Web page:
Boxing Day tsunami: we'll never forget baby in rubble

The aftermath of the Boxing Day tsunami in Sri Lanka.
The aftermath of the Boxing Day tsunami in Sri Lanka. Mark Furler

APN group digital editor Mark Furler travelled to Sri Lanka in the aftermath of the Boxing Day tsunami in 2004. Ten years on, he shares his most powerful memories.

 

"COME, come, you must come.''

"They have just found another one.''

With those words, I am ushered from a small beach on the eastern side of Sri Lanka up a dirt road to a small 'hut' of rubble.

A local fishing boat owner, who has turned grave digger, hurriedly shows me the latest victim of the 2004 Boxing Day tsunami  - 10 days after the waves hit.

In the ruins of a fishing village, I see the body of an 11-month-old girl. She looks like she is sleeping peacefully.

I can't help but think of my own five-month-old baby son, Samuel, back home.

Within minutes, the lifeless body of Alameen is put on a piece of timber, covered in a blue blanket and scurried to the beach as villagers come from everywhere to see if this little girl is one of their own.

Even as they carry her body, disinfectant is being poured into the street behind her as if that will somehow protect the village from disease and death.

Alameen is quickly - and haphazardly identified as someone's child. The mother is at a makeshift refugee camp set up for the hundreds of people left homeless by the tsunami.

There's no time to get her for a final goodbye. Within 15 minutes the baby girl's body is wrapped in a purple sheet, lowered into a beachside grave and covered in sand by dozens of frenetic hands, under the supervision of a Muslim cleric.

A simple white flag is the only memorial to the little girl lost in those freak waves. The grave digger tells me along the coastline in the Ampara district there are hundreds of bodies buried in the sand.

Nearby, in a local church, there are 600 bodies piled up.

Photographer Kevin Farmer and I spent 10 days in Sri Lanka - first covering the immediate aftermath of the tsunami and then returning six months later to report on where the $2 million generously donated by APN readers went.

It was a traumatic - and humbling experience.

Nothing prepares you for driving past kilometre after kilometre of rubble, for seeing huge mounds of dirt covering hundreds of bodies, watching just as many crows swooping and shrieking overhead.

Television images, powerful as they were, did nothing to convey the sensation of driving three hours from Colombo to Galle and seeing nothing but concrete, clothes, fragments of furniture and hundreds of scattered school books.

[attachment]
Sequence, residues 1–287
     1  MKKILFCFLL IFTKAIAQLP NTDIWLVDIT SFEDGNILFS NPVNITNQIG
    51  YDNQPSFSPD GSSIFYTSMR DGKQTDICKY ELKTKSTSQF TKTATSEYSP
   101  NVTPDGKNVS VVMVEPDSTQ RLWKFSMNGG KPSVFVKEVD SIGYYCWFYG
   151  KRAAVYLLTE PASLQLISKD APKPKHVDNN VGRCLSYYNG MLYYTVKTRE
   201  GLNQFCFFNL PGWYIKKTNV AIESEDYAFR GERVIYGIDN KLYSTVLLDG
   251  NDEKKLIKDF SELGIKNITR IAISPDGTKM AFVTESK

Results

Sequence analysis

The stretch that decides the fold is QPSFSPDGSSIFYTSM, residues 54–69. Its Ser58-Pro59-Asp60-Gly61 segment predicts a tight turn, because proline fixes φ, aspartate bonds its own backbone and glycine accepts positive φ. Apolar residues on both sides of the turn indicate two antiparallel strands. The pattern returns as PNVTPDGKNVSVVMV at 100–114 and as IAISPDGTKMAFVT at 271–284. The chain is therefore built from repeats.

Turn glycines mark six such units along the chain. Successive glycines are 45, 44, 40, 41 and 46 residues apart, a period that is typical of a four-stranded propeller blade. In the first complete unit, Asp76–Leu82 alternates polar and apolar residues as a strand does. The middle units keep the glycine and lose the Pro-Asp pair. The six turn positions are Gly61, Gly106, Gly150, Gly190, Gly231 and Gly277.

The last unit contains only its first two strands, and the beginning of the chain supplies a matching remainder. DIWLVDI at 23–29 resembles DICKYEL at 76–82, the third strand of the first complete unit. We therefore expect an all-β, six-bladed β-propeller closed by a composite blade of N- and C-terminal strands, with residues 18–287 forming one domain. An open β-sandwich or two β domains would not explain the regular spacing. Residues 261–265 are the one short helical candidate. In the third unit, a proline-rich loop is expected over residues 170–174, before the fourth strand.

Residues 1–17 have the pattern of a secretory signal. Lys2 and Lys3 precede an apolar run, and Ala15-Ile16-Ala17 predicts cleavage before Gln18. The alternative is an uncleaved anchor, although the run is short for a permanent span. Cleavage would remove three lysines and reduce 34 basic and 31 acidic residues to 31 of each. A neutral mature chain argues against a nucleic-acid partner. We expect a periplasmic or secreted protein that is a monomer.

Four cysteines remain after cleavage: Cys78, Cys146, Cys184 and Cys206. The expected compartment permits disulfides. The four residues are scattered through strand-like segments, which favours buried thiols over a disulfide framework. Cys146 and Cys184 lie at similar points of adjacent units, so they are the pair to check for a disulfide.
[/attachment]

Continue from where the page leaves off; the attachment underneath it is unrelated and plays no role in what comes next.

In Queensland, it would be like driving from Brisbane to the northern end of the Sunshine Coast and seeing home after home flattened, apart from the odd church and building here and there.

Seeing the remains of the Galle train, washed from its tracks a kilometre inland, taking with it 1000 souls, is something that will stay with us forever.

But in it all, the resilience and courage of the Sri Lankan people, also amazed.

Just days after the tsunami hit, they were returning to their homes, salvaging whatever they could and looking to rebuild - as long as it was well away from the ocean.

APN partnered with CARE Australia, setting up call centres at its classifieds in newspapers throughout Queensland and NSW.

As we wrote story after story of the impact of the tsunami, readers donated a $1 million in the first couple of weeks.

That soon swelled to almost $2 million as communities organised fundraisers and kept the ball rolling.

Returning six months later it was easy to see where the money had gone.

Hundreds of homes, which cost just $5000 each, had been built, along with new general stores, fishing businesses, schools and childcare centres.

FLASHBACK: June 2005, Sri Lanka, Shejanu (11) of Karativu talks about her life after the tsunami in which she lost her grandmother, aunts and cousins. APN newspapers featured her and her story six months ago.
FLASHBACK: June 2005, Sri Lanka, Shejanu (11) of Karativu talks about her life after the tsunami in which she lost her grandmother, aunts and cousins. APN newspapers featured her and her story six months ago. Kevin Farmer

In one village, we tracked down a young girl we had spoken to when we first visited in January 2005.

Her beaming smile told the story of new hope in the face of earlier despair.

In a place where many survived on $50 to $100 a month, the generosity of our readers made a world of difference and no doubt continues to do so today.

Shejanu (11) of Karativu talks about her life after the tsunami in which she lost her grandmother, aunts and cousins. APN newspapers featured her and her story as part of an appeal which raised almost $2 million.
Shejanu (11) of Karativu talks about her life after the tsunami in which she lost her grandmother, aunts and cousins. APN newspapers featured her and her story as part of an appeal which raised almost $2 million. Kevin Farmer


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